Note from BW of Brazil: Yes, black brides DO exist! Although one would never know it judging from the media and indeed the difficulty that black women often experience in finding long-lasting relationships that lead to the altar. The truth is, regardless of brides’ magazines predilection for featuring only blond and brunette white women with straight hair, black women also want to make their special day something they will always remember and two important details for such memories are their dresses and the photos. One fashion student from Curitiba, Paraná, in Brazil’s south took these details into consideration when she came up with the idea for a project that would shine the spotlight on Afro-Brazilian brides. An idea that is becoming increasingly common among black women.
Curitiba launches photographic project ‘Black Brides’
By BEL VICTORIO
Photo spread is intended to bring local fashion references to black women who are getting married and are in doubt about how to style themselves
Photos by Melvin Quaresma, Larissa Isis and Fer Cesar
To choose the dress and makeup for weddings, brides look for references. That is, they look for styles that may work for them. The difficulty in identifying themselves with brides they saw in photos in fashion or online catalogs, fashion student Thainá Sagrado developed the photographic project Noivas Negras (Black Brides).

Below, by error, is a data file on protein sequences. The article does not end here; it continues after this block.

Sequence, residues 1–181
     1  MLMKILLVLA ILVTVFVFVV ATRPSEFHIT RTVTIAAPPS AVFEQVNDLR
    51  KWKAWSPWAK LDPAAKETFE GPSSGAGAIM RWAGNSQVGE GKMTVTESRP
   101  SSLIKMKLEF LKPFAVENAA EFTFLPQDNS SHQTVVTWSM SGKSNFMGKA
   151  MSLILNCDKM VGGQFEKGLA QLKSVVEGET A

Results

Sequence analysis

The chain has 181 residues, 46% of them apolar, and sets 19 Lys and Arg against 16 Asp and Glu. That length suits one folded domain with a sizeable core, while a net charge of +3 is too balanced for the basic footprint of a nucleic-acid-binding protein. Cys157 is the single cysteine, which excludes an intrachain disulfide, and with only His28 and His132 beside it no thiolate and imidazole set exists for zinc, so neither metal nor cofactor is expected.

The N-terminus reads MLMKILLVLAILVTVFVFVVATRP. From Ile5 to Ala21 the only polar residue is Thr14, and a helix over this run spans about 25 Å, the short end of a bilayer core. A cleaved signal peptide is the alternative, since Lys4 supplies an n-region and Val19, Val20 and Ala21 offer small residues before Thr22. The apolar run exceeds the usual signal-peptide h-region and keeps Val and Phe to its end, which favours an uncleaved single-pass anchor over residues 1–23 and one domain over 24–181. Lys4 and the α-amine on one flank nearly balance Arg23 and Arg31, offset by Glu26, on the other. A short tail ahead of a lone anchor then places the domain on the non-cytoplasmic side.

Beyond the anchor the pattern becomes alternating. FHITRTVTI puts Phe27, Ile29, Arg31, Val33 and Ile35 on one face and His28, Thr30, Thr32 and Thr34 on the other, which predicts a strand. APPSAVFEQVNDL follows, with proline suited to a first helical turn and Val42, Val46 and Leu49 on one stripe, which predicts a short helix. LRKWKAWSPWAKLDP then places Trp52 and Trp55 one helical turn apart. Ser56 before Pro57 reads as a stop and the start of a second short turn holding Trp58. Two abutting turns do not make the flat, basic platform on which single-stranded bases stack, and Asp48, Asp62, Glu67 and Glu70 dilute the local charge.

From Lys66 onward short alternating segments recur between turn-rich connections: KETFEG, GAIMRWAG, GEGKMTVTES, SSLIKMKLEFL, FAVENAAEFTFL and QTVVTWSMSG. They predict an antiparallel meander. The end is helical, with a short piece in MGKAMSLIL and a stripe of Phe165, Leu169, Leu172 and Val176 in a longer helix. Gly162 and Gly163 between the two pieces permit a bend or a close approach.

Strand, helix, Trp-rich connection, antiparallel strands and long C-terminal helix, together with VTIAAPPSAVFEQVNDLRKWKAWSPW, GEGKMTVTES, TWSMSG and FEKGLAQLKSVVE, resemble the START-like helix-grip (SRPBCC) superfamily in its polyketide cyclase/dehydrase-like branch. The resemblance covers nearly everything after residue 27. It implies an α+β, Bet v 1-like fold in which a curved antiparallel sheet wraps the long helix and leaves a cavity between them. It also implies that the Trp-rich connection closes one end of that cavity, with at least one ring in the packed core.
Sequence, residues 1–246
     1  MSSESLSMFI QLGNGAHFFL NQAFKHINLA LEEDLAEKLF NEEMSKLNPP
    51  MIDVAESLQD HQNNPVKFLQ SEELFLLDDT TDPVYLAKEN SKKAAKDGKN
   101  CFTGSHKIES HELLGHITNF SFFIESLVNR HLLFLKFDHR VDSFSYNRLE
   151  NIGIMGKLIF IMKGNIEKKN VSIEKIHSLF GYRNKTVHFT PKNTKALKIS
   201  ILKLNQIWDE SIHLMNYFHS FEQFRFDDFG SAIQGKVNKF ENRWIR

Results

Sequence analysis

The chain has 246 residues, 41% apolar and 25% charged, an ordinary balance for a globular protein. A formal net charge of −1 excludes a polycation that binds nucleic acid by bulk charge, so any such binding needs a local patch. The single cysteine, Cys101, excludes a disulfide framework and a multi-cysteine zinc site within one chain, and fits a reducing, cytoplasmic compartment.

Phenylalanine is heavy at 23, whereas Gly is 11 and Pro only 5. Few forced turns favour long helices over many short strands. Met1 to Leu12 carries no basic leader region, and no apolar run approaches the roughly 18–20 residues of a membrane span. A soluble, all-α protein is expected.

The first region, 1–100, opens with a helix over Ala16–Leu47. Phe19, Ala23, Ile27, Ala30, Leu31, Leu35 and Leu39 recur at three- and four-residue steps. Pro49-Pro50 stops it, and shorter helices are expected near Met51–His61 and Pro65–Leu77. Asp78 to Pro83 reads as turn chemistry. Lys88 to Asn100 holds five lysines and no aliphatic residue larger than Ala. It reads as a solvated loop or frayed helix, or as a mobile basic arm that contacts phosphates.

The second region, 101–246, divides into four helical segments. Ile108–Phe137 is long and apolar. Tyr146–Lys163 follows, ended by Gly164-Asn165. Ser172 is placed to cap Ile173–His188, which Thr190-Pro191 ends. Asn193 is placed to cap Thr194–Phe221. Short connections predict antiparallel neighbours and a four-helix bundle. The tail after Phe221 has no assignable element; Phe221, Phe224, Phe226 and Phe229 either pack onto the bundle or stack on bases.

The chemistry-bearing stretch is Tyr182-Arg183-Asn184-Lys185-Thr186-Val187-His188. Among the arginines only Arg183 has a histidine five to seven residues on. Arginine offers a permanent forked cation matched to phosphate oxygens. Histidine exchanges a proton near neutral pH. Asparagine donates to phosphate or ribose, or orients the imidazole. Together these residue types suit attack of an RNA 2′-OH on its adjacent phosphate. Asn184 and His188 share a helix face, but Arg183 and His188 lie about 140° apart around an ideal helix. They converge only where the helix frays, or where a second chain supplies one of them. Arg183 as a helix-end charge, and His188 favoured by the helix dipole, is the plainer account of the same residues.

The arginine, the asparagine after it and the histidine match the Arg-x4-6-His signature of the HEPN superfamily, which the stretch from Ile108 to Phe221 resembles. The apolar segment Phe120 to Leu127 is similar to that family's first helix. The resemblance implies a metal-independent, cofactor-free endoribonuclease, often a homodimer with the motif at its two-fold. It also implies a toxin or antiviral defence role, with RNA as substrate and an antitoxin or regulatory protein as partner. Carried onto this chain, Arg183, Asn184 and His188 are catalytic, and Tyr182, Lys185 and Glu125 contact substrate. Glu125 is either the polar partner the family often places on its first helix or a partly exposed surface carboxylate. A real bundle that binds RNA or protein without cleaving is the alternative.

The layout is intended to inspire black women that will go up the altar and are in doubt about how to style themselves for the wedding.
“The black woman is not seen represented. When I got married two years ago, the references were minimal and when they appeared they were American or African,” recalls Thainá, who is married with graffiti artist Café.
The photos bring five black models of various body types and ages.
“After the photo spread, they all they felt valued and beautiful. I have already received several messages of thanks and support,” says the producer.
The whole layout, shot by photographers Melvin Quaresma, Larissa Isis and Fer Cesar, can be seen in the blog Themba, which will be released in the coming weeks.
The site will bring information on arts, fashion and black literature. “More than problematizing racism, we need affirmative actions, to liberate the people. The blog will have a healthy discussion about it,” she explains. On Instagram there is a project profile in the air.
Source: Gazeta do Povo